Ruth Ackerman is set to graduate in May with aspirations to work with autistic children. Her road to the NYU Silver School of Social Work began when she briefly majored in fashion design, but she ultimately decided fashion was not for her. After graduating from Hunter College, she volunteered in a Hunter lab working on early intervention and play therapy for autistic children.
With her interest piqued, Ackerman began applying in 2010 for graduate schools, but she was torn between MSW programs and doctoral programs in psychology. “I like the fact that with an MSW degree, you think about the person as a whole and their environment rather than just what psychological issue a person has,” she said. She also appreciates the Silver School’s clinical focus and the ability to work directly with people.
The flexibility of an MSW degree was another draw for Ackerman. While she liked working with autistic children, she was curious to see if there were other populations that she might want to work with more. She said her first-year placement at the Queens Central YM & YWHA involved her interacting with a range of people, which helped her realize that working with autistic children was her true calling.
“Because I’m very creative and was always very artistic, I am very visual,” she explained. “A lot of children with autism are also very visual. I feel like I understand the language of children with autism better than most people.”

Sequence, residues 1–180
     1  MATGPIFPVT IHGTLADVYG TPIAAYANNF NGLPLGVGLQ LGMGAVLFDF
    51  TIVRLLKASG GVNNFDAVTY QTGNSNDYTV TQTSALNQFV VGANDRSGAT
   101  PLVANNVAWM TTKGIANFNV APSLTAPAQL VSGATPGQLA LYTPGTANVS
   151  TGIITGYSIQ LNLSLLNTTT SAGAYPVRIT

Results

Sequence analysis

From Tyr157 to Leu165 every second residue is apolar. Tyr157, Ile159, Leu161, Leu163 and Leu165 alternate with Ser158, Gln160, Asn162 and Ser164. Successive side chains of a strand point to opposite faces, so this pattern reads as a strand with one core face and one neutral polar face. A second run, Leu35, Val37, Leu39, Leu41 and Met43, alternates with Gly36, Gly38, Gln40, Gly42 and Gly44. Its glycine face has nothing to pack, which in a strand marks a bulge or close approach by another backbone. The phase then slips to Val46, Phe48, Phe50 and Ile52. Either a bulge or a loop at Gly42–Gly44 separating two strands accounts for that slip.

Ackerman was nervous to take on the cost of graduate school; however, she received two financial awards for her first year—the Silver School of Social Work Scholarship and Constance McCatherin-Silver Fellowship. “When I learned that I received scholarships, it really eased the pain,” she said. She called the MSW experience “less stressful” knowing her loan burden had been alleviated by scholarships. In her second year, she received a second Silver School of Social Work Scholarship.
The Silver Fellowship is funded by Martin and Constance Silver, BS ’78, MSW ’79. Said Connie Silver, “There is no greater satisfaction than to give back and help others, just as Marty and I were helped when we attended NYU.”
Even though Ackerman may not be earning a six-figure salary right out of school, she pursued her master’s degree to fulfill her desire to make a positive difference in the world. She would encourage anyone to make a gift to the Silver School. “I was determined to complete my education and it helps a lot to not feel this huge financial burden because I want to help people.”